Plachutta: World Famous Tafelspitz

Ok, maybe I was lying a bit when I said the previous post would be the last on Europe. This one is, but it’s a restaurant review, so it doesn’t really count.

A bit of background: The first night in Vienna, we were so focused on exploring that we didn’t realize we were hungry until we were starving. We hopped into the 1st restaurant we saw- a Russian owned Italian with bad food and worse service. As a compensation, my parents let ME choose the restaurant. Behold….


Plachutta was founded in 1987, by a man named Mario….. Plachutta. It specializes in tafelspitz- Viennese boiled beef- and has 3 locations around Vienna. We went to the original location at Wollzeile 38 and we were definitely not the only ones who heard of Plachutta. The restaurant was packed. It wasn’t just that day. Plachutta calls itself “The world famous Tafelspitz” and with good reason. Check out their celebrity wall:

Well, celebrities are great, but onto the food!!!!



As I said in my previous post, the tafelspitz is to DIE FOR. Although tafelspitz generally refers to veal flank, Plachutta had a large selection. We ordered one traditional and one with sheep head and ox tongue. Of course there are also various other appetizers/dishes on the menu, but the 2 tafelspitzes were enough. The order comes with grilled slices of house bread, root vegetables, marrow bone, apple horseradish sauce and potato rosti. Each  tafelspitz even comes in its own copper pot.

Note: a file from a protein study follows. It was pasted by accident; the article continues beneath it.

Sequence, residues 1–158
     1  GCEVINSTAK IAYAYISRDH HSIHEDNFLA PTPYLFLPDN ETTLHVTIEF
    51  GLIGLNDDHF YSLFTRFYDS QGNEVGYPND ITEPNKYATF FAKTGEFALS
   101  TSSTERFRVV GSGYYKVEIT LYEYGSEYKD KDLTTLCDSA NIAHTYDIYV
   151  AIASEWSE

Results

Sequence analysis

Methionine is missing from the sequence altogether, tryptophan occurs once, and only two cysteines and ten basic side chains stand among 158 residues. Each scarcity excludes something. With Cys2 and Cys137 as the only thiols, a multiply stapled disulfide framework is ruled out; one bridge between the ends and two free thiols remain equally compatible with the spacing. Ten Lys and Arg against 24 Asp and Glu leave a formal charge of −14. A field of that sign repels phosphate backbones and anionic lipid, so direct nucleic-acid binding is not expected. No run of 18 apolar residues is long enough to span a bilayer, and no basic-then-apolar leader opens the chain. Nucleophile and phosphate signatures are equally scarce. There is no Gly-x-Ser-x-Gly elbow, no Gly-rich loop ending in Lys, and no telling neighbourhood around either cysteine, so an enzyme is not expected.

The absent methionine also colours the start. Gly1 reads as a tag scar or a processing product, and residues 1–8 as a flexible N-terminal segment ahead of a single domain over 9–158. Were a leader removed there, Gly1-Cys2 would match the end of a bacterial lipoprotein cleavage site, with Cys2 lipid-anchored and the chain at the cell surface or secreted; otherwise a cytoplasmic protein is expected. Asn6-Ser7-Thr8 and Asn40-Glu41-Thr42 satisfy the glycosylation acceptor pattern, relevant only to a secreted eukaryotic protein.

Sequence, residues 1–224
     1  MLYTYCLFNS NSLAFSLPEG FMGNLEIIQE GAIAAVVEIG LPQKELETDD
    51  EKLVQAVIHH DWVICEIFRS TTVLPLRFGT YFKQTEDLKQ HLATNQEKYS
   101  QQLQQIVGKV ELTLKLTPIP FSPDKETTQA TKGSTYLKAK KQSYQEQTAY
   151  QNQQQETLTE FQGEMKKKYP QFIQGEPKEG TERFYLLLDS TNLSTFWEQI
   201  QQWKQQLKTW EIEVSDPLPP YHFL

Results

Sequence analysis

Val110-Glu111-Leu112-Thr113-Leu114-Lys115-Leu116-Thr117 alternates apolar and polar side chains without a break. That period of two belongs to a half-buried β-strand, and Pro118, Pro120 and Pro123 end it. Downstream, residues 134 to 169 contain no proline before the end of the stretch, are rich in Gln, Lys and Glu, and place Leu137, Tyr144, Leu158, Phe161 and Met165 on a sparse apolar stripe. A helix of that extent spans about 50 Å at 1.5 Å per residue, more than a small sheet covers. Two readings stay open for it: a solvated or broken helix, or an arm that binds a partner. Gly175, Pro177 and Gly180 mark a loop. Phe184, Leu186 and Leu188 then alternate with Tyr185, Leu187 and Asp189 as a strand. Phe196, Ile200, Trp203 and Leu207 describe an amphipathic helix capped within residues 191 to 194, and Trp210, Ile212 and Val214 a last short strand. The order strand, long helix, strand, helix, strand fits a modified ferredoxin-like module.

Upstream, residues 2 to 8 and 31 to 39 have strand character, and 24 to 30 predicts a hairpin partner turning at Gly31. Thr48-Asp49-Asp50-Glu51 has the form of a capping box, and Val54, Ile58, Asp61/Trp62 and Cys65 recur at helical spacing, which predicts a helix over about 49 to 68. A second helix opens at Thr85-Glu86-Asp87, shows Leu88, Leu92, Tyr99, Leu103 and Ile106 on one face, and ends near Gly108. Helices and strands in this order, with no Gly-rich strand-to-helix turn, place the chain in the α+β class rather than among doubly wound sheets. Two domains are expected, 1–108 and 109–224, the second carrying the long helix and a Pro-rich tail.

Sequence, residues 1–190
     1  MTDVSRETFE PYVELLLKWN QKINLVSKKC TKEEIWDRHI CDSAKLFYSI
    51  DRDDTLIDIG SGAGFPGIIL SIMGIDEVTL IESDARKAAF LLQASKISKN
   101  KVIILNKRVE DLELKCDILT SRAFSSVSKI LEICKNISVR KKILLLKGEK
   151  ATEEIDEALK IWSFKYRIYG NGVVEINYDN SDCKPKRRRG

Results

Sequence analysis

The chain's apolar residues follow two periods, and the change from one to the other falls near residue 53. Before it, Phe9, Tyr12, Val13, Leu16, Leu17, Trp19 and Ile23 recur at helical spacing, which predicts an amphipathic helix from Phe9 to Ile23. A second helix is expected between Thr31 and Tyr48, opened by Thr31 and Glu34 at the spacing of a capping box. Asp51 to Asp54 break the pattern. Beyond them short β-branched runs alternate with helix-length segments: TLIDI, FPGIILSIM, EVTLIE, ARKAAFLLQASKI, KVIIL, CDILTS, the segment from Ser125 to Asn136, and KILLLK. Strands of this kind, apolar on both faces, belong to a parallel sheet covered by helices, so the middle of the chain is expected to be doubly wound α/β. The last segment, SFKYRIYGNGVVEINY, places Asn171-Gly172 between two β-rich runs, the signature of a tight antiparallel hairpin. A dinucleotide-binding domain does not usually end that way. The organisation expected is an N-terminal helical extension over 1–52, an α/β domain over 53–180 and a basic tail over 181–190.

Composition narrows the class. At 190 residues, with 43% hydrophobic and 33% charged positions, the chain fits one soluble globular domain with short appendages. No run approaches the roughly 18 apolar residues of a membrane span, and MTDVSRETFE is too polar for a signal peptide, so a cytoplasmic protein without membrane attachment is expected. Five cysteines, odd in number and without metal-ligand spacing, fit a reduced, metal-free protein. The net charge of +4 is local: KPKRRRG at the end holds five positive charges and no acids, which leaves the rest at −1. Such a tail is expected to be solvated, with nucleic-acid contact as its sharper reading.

For those who want to enjoy their tafelspitz the “right way” or simply know where their meat is coming from, each seat comes with a little guide

20160808_184344_resized Don’t read German? no problem


The broth was a bit salty (still rich and good though), but other than that, words cannot describe the tender juicy deliciousness of the meat. Unlike most boiled dishes, the flavor actually got INTO the meat, not just on the surface. Of course there is also the marrow bone. This is literally the first western restaurant I’ve been to that serves marrow as it is. The guide suggest to spread it on the bread like butter, but I sucked it up before I realized there was English on the back.


The atmosphere combines the loud, welcoming air of a good Chinese restaurant with all the elegant decor of an upscale western restaurant. Essentially, it is the best of both worlds. Since it is on a street corner, I initially thought it was quite small (read: panicking about possible queueing), but appearances are deceptive:


There is enough room in there to sit at least 6-800 people. The kitchen was also pretty cool. Copper pots pretty much lined the entirety of the walls. The small tables and close proximity gives the place an intimate feel so it is definitely a great place for small- group dinner. Unfortunately, that also means there’s not that much space if you order a ton.


Service was decent by normal standards but stellar considering the circumstances. The waiters were very organized and as  attentive as possible. The only issue we had was that we sat in the back, so it took some time for them to notice us when we wanted to order. The food also took less than 30 minutes to get on the table, which is surprising considering the nature of the dish.

Overall Impression

Definitely worth going, even if its just as a tourist stop. I know if I go back to Vienna, I’ll stop there 1st thing.






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